Blood Separation and Centrifugation

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There is a relationship between the physical properties of blood; liquid viscosity, particle density, particle size, fraction of dissolved solids and the physical principles of centrifugation (gravitational force applied) that impact separation. Guidelines are provided to improve the efficiency of blood component separation using differential centrifugation.


There is only so much plasma that can be obtained from a unit of whole blood. Total plasma volume is determined by the volume of blood collected and the donor percent hematocrit (% Hct). Figure 1 illustrates the theoretical range of plasma that can be recovered from a unit of whole blood.

Figure 1

Theoretical Total Plasma Volume Dependent on Donor % Hct and Collection Volume
Plasma Optimization: Theoretical Total Plasma Volume Dependent on Donor % Hct and Collection Volume 

Principles of Blood Separation

Blood separation is accomplished by sedimentation and can be defined as the partial separation or concentration of suspended solid particles from a liquid by gravity. The rate of sedimentation is a function of liquid viscosity, particle density, particle size, concentration of the solution (fraction of dissolved solids), and the force of gravity. Sedimentation rates can be calculated for any particulate fluid using Stokes Law of Sedimentation.iThis equation states that at any given “g-force”, the rate of sedimentation of a particle is directly proportional to its size and density and relative to the density of the suspension fluid. To accelerate sedimentation, the effect of gravity is amplified using “centrifugal force” provided by a centrifuge and can be many thousand times the force of gravity.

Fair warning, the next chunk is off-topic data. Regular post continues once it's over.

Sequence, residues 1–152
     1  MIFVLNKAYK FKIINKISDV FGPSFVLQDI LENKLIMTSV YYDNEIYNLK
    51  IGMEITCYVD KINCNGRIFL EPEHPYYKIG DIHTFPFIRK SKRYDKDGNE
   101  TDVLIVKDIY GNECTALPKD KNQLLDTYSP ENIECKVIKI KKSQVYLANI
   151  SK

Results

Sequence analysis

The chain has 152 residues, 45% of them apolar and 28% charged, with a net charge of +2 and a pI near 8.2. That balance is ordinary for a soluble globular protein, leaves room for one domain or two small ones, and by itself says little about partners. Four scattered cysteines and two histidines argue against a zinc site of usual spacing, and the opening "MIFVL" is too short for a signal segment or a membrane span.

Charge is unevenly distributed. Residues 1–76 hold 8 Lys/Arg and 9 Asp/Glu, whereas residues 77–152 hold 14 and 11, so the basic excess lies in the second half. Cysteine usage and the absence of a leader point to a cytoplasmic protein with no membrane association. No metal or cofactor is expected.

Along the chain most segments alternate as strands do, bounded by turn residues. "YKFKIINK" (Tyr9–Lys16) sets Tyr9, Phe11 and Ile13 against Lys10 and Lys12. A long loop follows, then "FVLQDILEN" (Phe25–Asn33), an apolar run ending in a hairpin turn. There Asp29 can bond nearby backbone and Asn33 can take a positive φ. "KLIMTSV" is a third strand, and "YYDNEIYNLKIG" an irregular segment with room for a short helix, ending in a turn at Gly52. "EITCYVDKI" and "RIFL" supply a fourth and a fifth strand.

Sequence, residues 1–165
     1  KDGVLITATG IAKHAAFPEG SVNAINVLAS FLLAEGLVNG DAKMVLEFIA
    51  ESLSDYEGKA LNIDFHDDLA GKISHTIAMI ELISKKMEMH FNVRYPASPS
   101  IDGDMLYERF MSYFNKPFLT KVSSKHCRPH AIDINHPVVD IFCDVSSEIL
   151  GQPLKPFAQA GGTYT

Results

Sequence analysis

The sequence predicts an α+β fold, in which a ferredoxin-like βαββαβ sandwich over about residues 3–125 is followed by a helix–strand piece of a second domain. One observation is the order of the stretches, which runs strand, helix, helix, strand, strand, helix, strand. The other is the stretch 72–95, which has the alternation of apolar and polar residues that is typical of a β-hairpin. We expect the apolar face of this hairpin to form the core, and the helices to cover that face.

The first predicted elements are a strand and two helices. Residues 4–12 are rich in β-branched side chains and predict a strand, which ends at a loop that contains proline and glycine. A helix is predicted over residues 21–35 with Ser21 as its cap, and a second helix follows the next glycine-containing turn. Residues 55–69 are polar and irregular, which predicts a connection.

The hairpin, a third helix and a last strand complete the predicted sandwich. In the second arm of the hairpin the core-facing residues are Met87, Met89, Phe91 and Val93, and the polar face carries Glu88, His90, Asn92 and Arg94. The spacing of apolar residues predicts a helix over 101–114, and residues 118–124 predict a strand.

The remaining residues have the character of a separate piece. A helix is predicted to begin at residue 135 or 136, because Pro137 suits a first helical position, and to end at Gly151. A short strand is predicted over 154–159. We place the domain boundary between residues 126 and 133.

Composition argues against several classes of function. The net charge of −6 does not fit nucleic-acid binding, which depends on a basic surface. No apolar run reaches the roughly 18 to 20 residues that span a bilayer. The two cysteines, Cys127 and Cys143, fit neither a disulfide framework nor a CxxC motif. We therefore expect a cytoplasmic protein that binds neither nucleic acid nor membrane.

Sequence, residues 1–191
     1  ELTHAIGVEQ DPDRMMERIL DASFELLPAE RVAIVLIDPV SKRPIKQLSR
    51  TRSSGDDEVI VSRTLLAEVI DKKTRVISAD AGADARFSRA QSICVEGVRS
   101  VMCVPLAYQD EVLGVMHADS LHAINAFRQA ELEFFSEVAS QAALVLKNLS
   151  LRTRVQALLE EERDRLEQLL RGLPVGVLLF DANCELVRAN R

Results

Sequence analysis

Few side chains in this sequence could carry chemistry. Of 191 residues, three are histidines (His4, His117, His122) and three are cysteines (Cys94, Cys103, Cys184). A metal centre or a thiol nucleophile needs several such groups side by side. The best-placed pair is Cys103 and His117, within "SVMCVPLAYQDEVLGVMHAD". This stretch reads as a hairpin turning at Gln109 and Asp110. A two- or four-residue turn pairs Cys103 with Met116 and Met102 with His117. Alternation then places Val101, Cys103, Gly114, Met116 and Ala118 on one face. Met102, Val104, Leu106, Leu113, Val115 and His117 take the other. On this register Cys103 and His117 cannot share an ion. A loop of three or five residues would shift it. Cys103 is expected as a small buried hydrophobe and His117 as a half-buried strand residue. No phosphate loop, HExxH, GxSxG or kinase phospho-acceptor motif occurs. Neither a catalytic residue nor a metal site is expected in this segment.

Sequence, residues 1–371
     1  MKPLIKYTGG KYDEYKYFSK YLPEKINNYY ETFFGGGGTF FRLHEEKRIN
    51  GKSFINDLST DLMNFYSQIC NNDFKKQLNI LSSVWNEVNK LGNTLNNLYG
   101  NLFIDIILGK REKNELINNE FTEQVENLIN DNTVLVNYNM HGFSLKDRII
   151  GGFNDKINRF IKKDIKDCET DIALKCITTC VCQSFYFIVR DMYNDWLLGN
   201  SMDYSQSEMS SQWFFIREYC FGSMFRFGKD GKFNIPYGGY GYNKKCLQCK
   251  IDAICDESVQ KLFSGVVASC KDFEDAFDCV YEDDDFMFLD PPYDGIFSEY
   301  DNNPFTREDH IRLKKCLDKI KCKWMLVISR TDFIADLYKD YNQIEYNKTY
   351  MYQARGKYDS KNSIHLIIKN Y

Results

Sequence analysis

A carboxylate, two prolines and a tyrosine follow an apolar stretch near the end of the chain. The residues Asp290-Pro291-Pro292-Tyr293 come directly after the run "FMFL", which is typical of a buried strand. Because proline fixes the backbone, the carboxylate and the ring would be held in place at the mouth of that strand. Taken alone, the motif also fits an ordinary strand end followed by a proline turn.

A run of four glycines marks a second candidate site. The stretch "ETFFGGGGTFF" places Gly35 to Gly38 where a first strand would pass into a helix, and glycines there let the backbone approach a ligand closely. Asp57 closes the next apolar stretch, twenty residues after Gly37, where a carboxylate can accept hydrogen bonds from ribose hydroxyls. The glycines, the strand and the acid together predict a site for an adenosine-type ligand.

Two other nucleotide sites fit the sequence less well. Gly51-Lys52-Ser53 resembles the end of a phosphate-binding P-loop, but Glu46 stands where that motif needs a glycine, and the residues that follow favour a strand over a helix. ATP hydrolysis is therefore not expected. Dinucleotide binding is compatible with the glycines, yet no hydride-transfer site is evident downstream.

Separation of cellular constituents within blood can be achieved by a process known as differential centrifugation. In differential centrifugation, acceleration force is adjusted to sediment certain cellular constituents and leave others in suspension. During the process of differential centrifugation of blood, the sample is separated into two phases: a pellet consisting of cellular sediment and a supernatant that may be either cellular or cell-free.

iStokes Law of Sedimentation
Vg = d2 (Þp - Þ1) / 18μ x G
where: Vg = sedimentation velocity, d = particle diameter, Þp = particle density, Þ1= liquid density, G = gravitational acceleration, μ= viscosity of liquid

Standardizing Centrifugation Terminology

Centrifugation terminology can be confusing. Abbreviations such as RPM, RCF, TCF and ACE™ are used to describe centrifugation conditions. As the discussion progresses on plasma yield optimization, it is important to clearly understand common centrifugation terminology. Standardization of centrifugation terminology will simplify the approach used later in this document to optimize centrifugation and improve plasma recovery. Centrifugation terminology is defined below.
  • Revolutions per Minute (RPM) – is the rotating speed of the rotor arm within the centrifuge during centrifugation. Example: 5000 RPM. The centrifuge is spinning at 5000 Revolutions per Minute.
  • g – Force or “g” – is a unit of acceleration equal to the force of gravity.